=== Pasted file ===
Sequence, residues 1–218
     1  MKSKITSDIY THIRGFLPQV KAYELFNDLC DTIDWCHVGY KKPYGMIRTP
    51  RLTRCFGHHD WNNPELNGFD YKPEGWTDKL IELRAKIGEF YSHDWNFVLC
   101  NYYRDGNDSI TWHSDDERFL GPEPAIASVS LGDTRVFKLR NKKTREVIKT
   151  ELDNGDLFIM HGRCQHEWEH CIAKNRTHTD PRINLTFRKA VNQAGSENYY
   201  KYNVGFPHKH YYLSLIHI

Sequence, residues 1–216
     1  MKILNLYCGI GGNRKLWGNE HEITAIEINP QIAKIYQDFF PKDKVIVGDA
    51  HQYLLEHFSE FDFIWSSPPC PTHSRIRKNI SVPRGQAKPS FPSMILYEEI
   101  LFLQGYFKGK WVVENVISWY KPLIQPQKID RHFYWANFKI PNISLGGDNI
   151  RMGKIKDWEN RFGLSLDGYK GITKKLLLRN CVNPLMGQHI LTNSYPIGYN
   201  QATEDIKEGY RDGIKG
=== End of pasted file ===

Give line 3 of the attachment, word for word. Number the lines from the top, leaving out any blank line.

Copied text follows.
    51  RLTRCFGHHD WNNPELNGFD YKPEGWTDKL IELRAKIGEF YSHDWNFVLC